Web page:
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A rusted bicycle. A deteriorated video camera. Two algae-bearing steel barriers. An array of muddied beer bottles.
It was a sad sack of loot for the team of divers scanning the bottom of the Ottawa River.
“Some people just toss things into the water, thinking it’s out of sight, out of mind. But what a lot of people don’t realize is that camera’s battery is toxic, and those toxins are leaking into the water,” said Eric Solomon of the Vancouver Aquarium.
He, alongside a five-man Ottawa Police dive crew, was at the Ottawa River at the foot of Parliament Hill yesterday to kick off the Great Canadian Shoreline Cleanup.
The cleanup, which began 15 years ago at the Vancouver Aquarium, aims to remove about 100,000 kilograms of litter this year from more than 1,000 shorelines and waterways across the country—including 27 sites in the Ottawa region.
“The idea is to get grassroots momentum. People show up for a few hours to pick up litter. Not only do you feel you’ve made a difference, you actually have made a difference,” said Matt Fortier of TD Friends of the Environment, which sponsors the cleanup.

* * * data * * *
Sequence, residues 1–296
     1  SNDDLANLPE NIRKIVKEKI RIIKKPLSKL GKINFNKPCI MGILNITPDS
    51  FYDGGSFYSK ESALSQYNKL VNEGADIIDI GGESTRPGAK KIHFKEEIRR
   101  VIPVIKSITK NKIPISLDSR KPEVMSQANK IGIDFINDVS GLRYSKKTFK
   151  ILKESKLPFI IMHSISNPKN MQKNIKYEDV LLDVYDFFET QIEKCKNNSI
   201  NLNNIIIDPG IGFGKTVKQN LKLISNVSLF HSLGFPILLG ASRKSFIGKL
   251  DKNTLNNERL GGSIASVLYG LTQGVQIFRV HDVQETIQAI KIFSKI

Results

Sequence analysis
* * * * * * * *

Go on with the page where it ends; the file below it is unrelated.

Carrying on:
But the trash volunteers will be targeting won’t be the rusted bikes and coat hangers the diving crew pulled from the river. “The biggest issue is really the small stuff that people don’t even think is garbage,” Mr. Solomon said.
In fact, last year’s cleanup crews collected more than 270,000 cigarettes and cigarette filters. These filters, which absorb a variety of chemicals from the cigarette, line Canadian shorelines. Come rainfall, they’re washed into the water, where the toxins leach, Mr. Solomon said.
“That’s why (it’s important) to clean the shorelines, to get the junk before it goes into the water,” he said.
The Great Canadian Shoreline Cleanup runs until Sept. 28. People interested in helping can visit www.vanaqua.org/cleanup to register.